Most games present the story through text, and we’re avoiding that as much as possible. The quests drive the characters through the game without the need to read a lot of boring exposition. The point is to hook the players with a quick hit, like “Teal’c has been ambushed and needs back up!” The story is revealed through the character’s actions; the detailed mission descriptions are available, but they aren’t necessary unless the player wants more background information. What is the planned scope of single vs. group vs. raid? For example, will smaller groups have access to larger/epic scale encounters in their missions? The core unit of the Stargate program is the team, a group of four to six members with diverse skills. Stargate SG-1 had a commando/soldier (Jack O’Neill/Cameron Mitchell), an archeologist (Daniel Jackson/Jonas Quinn), a scientist (Samantha Carter) and a Jaffa (Teal’c). That team was able to handle pretty much anything the show creators could throw at them, and that’s the heart of our game play as well. There will be some content for larger groups, but the majority of our content is created for the this level of game play.

One new feature we’ll be offering is the ability to register your team – you and three or four friends – as a permanent game unit, like a guild but more personal. These teams get bonuses for working together in addition to the benefit that comes from working as a team on a regular basis. How much of an impact will skill specialization have on character customization and overall play style? Can you give an example with one of the archetypes? The easiest example of this is the New Mind Goa’uld. The Goa’uld archetype has three specializations to choose from, the Battle Lord, Servant Lord and Ashrak.

The Battle Lord focuses on combat skills and abilities that have a direct effect on the battlefield. Of the three Goa’uld paths, the Battle Lord has the widest access to weapons. The Battle Lord is the New Mind Goa’uld’s ultimate soldier, as intelligent and insightful in combat as he is powerful and shrewd.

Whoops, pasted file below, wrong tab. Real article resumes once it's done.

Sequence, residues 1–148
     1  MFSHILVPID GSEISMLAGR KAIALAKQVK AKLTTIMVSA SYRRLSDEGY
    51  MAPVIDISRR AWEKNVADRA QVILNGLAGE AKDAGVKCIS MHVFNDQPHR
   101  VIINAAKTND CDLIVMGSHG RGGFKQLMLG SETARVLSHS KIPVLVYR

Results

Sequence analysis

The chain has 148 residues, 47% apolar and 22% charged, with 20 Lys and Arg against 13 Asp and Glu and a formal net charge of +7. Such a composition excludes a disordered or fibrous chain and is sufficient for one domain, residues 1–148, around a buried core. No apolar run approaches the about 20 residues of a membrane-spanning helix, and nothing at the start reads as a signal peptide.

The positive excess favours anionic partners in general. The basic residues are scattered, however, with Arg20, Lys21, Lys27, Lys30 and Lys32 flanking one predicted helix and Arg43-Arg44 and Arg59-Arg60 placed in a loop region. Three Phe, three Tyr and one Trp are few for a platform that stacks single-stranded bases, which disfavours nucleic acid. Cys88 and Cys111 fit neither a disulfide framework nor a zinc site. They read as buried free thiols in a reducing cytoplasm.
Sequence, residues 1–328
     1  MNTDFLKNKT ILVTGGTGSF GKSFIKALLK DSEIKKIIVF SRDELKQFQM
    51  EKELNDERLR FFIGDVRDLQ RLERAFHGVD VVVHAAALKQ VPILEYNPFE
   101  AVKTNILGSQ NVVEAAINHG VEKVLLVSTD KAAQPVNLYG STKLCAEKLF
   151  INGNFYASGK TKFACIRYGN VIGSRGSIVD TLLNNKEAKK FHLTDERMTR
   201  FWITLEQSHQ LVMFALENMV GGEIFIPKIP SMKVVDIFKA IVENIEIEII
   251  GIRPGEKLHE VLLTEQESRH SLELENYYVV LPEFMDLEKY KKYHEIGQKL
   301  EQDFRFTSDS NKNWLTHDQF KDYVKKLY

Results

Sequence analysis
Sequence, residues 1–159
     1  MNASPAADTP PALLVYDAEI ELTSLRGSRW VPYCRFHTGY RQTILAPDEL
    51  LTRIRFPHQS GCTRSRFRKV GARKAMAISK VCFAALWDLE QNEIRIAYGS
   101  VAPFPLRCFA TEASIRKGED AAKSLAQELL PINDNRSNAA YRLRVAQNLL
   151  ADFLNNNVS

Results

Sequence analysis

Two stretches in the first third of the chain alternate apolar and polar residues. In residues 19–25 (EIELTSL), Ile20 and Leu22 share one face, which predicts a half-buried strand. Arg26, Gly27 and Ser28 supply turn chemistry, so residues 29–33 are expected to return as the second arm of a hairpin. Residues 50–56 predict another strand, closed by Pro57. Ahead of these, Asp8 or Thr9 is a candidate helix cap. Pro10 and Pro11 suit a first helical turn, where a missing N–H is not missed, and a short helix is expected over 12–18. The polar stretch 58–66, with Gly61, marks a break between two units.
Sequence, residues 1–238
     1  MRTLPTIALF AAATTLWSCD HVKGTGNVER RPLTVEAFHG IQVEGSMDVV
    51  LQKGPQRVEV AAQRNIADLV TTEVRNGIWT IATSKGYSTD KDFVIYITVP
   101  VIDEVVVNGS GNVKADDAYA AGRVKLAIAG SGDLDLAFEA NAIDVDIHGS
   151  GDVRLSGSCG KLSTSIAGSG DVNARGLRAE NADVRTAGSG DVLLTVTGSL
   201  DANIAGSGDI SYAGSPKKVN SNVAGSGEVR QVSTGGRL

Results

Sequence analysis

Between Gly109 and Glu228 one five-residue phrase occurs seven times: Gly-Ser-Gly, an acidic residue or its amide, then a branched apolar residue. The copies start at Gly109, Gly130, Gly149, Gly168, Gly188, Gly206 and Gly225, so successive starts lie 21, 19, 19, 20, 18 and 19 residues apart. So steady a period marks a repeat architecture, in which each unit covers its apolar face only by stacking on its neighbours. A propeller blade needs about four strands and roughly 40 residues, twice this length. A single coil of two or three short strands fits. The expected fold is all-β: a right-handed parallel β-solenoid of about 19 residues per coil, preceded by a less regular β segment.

The Servant Lord is the pet master Goa’uld. He is never seen without an entourage. This can range from his Lotar personal servant up to, at high levels, Kull warriors called on to take out the Goa’uld’s enemies. The Servant Lord’s abilities focus on controlling and enhancing the Goa’uld’s pets.

The Ashrak is a master assassin. He is a trained killer who over time masters stealth, devastating melee attacks and deadly poisons. He is not as versatile in combat as the Battle Lord nor does he have the minions commanded by the Servant Lord, but when you need someone dead right now, no one gets the job done as efficiently as the Ashrak. That’s an overview of one archetype, but each of them will have similar ability trees to follow that are tailored to specific play styles. It’s my understanding that mini-games (puzzles) will play a role in missions, especially for the archaeologist and scientist archetypes. How dependent will the solutions of these puzzles be on previous missions? Honestly that depends on the mission and the particular minigame. Generally, the minigames stand alone in terms of the way they play, but we’re not ruling out chained or linked games at this time. What level of knowledge in the Stargate canon will such puzzles require? We can’t make knowledge of Stargate canon necessary to solve any of the puzzles. If we did that, we would limit the play options of gamers who want the modern combat vs. science fiction weapons but may not be as interested in watching 10 plus years of Stargate. It’s not fair to non-fans. I will say that fans of the series will see details that others will miss, but they won’t have an advantage when it comes to solving the minigames. How interdependent do you plan the archetypes to be? Would a soldier or commando require an archaeologist, etc to complete certain missions more frequently than not? In general, there will be multiple ways to achieve objectives. The idea is that 80 percent of Stargate Worlds is playable solo, regardless of archetype. That’s difficult to achieve if players are running into problems that can’t be solved by their archetype. There may be occasional circumstances where they need help, which they will be able to ask for online through something like a “call back to base for assistance” interface, but in most circumstances, soldiers will be able to shoot their way out, commandos can sneak out, Jaffa can beat their way out, Asgard will be able to think their way out, and so forth. Inquiring fans want to know…is the “date Sam Carter” mini-game truth or fiction? A gentleman never tells. Any final thoughts you’d like to share with the fans? Yeah, I would encourage everyone reading this to visit to sign up for our closed beta test coming up this summer. While you’re there, take the time to join our forums where many knowledgeable Stargate and MMORPG fans are already hanging out and talking about Stargate Worlds. Other than that, we’ll have our community folks hanging out on the forums here to answer any questions you may have.


I didn't make it!

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#2 10 years ago